Let me be clear: the American economy does not stand still, and neither should the rules that govern it. The evolution of industries often warrants regulatory reform - to foster competition, lower prices, or replace outdated oversight structures. Old institutions cannot adequately oversee new practices. . . .Or, consider this as well:
. . . . This was not the invisible hand at work. Instead, it was the hand of industry lobbyists tilting the playing field in Washington, an accounting industry that had developed powerful conflicts of interest, and a financial sector that fueled over-investment. . . . .In other words, it is the greedy corporate rent seekers (demanders), not the greedy Washington politicians (suppliers of rent seeking), who are to blame for our "failing" system of political economy.
What follows in his speech seems to be illustrations of his idea that "the rules that govern" the economy must be changed as the economy changes. I suspect this is an easy idea (or principle as I think he would say) to latch onto. In my view, this idea is of course quite the opposite of understanding that exchange, not force that is directed by government to intervene in exchange, is the foundation of "that common stake in each other's prosperity." When the Senator finishes with the list of illustrations he gets to the following:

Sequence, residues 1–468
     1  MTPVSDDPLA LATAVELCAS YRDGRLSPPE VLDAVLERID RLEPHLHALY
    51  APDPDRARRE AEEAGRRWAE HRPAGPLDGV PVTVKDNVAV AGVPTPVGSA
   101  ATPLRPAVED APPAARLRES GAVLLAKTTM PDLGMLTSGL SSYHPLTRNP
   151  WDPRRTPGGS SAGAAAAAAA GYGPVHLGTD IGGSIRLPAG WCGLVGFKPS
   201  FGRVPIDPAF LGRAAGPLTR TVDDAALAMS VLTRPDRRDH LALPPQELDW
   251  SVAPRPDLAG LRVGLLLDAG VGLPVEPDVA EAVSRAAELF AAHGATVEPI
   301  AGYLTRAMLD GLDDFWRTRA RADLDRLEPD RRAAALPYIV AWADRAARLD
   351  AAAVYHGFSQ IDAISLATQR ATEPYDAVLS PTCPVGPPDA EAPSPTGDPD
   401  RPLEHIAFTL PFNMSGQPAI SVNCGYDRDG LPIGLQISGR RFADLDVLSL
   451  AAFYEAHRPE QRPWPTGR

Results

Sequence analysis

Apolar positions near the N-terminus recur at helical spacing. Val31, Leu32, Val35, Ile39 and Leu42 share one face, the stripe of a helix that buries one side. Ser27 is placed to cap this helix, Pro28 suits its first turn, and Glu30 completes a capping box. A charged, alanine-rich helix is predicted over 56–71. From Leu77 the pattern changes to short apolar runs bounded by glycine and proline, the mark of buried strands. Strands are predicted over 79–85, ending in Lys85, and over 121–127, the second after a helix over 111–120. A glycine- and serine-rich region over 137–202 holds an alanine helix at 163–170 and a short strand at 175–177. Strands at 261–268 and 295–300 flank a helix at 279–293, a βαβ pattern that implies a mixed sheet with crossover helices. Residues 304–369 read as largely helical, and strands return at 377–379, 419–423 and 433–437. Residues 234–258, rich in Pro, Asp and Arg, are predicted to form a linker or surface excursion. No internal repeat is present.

Our history should give us confidence that we don't have to choose between an oppressive government-run economy and a chaotic and unforgiving capitalism. It tells us we can emerge from great economic upheavals stronger, not weaker. But we can do so only if we restore confidence in our markets. Only if we rebuild trust between investors and lenders. And only if we renew that common interest between Wall Street and Main Street that is the key to our success.Of course this all sounds just fine on the surface, but I'm still nervous by his use of "we" in the context of restoring confidence and rebuilding trust. I already have great trust and confidence in "our markets," and I haven't lost that confidence because of any of the illustrations he draws upon. Instead, I see in his illustrations, and I see in our history, reason to conclude that "our markets" do just fine without government intervention. I'm nervous about his use of "we" because I'm pretty sure he means to say we have to involve government even more in our markets to restore trust and confidence, and I think it is largely because of government's intervention in the past that he can mistakenly assert today that we've lost trust and confidence in our markets. It seems he is saying that for all the ills he finds in our economy the answer is really more government policy so that "we" can try to fix the very problems "we" created with earlier government policy.
Well, the Senator's speech goes on for quite a bit longer, but, it seems to me that once I get to the end I've pretty much already covered with my comments above the Senator's view of our system of political economy. At the end of his speech he repeatedly refers again and again to "we" this and "we" that. While it sounds like by "we" he means all of us, it is pretty clear to me that he means "we" in the national government will fix all these ills for you. Or, perhaps I can say that Senator Obama's view of our economy is one in which he will try again and again (with his colleagues in Washington) to use government's force to intervene in our own individual economies to fix the problems that have now emerged from the earlier interventions of government policy. Of course, as you know by now, my view of government and prosperity is pretty much the opposite of the view I find in the Senator's speech.